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CIA nominee Brennan defends Obama targeted killing policy

Updated at 6:26 p.m. ET: At his confirmation hearing Thursday before the Senate Intelligence Committee John Brennan, President Barack Obama’s nominee to head the Central Intelligence Agency, defended Obama’s policy of targeted killings of terrorists, saying that some Americans had a misimpression that “we take strikes to punish terrorists for past transgressions. Nothing could be further from the truth. We only take such action as a last resort to save lives when there’s no other alternative” to avert a threat to the nation.

Despite the questions about Obama’s use of targeted strikes to kill people whom the administration calls “senior operational leaders” of al-Qaida or affiliated groups, it seemed by the end of the three-and-a-half hour hearing that Brennan was certain to be confirmed. Intelligence Committee Chairman Sen. Dianne Feinstein, D-Calif., called him “a fine and strong leader” and pledged her support for him. 

Alluding to some raucous protesters who had interrupted and delayed the hearing, Brennan said, “They really have a misunderstanding of what we do as a government, and the care that we take, and the agony that we go through” to ensure that innocent bystanders or civilians aren’t hit in targeted killings. “People are reacting to a lot of falsehoods that are out there.”

During his confirmation hearing to be director of the CIA, John Brennan reaffirmed his opposition to the CIA's harsh interrogation techniques, such as waterboarding, and rejected suggestions that he'd rather kill a terrorist with a drone than detain him. NBC's Andrea Mitchell reports.

Related: GOP senators assail Gen. Dempsey and Obama for response to Benghazi attack

He said, “I think the American people would be quite pleased to know that we’ve been very disciplined and very judicious” and that the Obama administration only uses targeted killings “as a last resort.”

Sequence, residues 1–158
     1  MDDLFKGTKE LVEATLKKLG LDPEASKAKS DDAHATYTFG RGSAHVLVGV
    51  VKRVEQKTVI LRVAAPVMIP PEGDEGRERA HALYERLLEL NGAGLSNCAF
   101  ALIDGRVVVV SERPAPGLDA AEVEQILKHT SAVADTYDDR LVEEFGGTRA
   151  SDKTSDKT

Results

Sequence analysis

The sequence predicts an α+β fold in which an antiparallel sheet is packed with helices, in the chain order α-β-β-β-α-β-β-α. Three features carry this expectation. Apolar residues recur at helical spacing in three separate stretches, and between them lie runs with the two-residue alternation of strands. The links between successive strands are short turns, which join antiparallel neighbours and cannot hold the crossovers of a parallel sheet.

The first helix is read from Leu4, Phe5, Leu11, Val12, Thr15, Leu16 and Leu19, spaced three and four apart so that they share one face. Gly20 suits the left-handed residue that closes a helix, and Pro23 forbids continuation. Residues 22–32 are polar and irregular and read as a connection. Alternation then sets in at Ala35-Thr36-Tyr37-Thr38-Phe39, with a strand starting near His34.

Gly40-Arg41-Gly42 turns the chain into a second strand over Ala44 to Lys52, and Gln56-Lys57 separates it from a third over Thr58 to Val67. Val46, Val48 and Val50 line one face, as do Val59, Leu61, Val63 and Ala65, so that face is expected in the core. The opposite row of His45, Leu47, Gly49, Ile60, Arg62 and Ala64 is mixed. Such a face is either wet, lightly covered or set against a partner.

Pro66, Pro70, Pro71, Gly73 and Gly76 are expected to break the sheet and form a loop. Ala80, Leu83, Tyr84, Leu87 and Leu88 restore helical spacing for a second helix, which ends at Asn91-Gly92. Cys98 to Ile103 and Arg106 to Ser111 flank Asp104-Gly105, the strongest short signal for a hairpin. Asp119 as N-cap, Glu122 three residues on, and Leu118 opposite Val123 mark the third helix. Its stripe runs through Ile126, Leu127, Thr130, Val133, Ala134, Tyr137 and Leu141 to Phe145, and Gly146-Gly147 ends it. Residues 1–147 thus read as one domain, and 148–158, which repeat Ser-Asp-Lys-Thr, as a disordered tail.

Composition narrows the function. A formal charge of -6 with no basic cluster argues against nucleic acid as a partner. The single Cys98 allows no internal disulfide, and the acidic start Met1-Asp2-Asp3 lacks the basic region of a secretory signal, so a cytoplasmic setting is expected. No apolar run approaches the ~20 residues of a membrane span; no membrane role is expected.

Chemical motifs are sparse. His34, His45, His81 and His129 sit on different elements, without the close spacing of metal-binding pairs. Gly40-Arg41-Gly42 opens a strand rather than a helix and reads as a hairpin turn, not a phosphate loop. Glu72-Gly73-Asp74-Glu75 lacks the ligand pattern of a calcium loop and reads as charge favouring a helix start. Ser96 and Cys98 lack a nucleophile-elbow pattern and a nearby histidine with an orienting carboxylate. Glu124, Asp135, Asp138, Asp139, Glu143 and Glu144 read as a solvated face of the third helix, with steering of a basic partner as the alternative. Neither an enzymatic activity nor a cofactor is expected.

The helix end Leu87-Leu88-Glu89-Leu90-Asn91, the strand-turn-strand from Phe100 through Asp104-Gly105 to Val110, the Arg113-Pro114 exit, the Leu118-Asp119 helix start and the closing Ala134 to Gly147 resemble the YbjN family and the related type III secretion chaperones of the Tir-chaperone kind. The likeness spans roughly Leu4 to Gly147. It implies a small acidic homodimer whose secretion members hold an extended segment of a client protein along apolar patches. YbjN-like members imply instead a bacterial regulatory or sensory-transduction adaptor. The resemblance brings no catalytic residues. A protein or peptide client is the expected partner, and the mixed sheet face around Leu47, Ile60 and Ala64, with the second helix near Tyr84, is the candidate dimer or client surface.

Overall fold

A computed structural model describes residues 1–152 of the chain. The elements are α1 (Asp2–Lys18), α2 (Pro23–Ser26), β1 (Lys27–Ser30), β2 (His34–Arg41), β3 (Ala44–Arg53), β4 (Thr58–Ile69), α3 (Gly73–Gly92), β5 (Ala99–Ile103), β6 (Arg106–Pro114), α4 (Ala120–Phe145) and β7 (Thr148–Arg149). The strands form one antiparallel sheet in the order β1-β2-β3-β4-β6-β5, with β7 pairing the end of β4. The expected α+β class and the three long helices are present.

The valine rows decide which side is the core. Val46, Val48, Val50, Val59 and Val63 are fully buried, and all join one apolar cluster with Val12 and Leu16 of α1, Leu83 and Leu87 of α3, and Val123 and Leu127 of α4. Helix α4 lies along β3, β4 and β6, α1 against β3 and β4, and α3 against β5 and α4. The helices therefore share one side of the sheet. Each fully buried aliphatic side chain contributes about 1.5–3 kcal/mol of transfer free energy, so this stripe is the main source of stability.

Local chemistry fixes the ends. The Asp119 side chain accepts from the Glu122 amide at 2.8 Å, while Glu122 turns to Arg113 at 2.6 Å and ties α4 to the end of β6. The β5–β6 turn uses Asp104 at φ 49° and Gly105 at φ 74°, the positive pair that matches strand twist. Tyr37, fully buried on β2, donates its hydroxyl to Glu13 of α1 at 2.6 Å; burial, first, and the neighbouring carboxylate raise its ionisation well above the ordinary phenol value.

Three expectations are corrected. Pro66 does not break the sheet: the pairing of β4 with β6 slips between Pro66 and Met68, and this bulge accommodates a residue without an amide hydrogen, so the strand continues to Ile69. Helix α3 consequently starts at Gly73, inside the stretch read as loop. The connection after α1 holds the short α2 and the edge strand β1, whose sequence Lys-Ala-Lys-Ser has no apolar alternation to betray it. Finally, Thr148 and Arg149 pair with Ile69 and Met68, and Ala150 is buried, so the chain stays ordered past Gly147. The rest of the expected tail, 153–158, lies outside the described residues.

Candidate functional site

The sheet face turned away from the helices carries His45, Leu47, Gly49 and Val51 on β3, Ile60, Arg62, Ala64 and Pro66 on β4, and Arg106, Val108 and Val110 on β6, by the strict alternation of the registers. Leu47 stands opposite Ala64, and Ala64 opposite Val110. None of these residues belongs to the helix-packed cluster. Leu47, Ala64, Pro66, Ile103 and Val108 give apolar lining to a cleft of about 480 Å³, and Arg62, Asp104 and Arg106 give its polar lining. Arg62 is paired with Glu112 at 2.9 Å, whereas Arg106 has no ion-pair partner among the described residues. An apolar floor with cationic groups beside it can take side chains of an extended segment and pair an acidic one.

On American citizens who become involved in al-Qaida or allied group abroad, Brennan said, “any American who joins al-Qaida will know full well that they have joined an organization that is at war with the United States” and that the U.S. government “will do everything possible to destroy that enemy to save America lives.” When Sen. Ron Wyden, D-Ore., asked if such a person could surrender before the U.S. government killed them, Brennan said “they have the ability to surrender anytime, anywhere.”

Brennan told Wyden if a person is killed by mistake in a targeted killing, the government should acknowledge it publicly.

In answering another question from Wyden about the public’s understanding of the standards Obama uses to determine if he has enough evidence to order the killing of an American who is involved in al-Qaida terrorist plans, Brennan said, “What we need to do is optimize transparency on these issues and at the same optimize secrecy and the protection of our national security. I don’t think it’s one or the other.” He said, “We need to explain to the American people what are the thresholds for action” and what procedures the CIA and the president use to ensure that the killing are legal.

Sen. Dianne Feinstein clears the chamber during Thursday's Senate Intelligence Committee hearing do to protesters opposing the nomination of John Brennan as head of the CIA.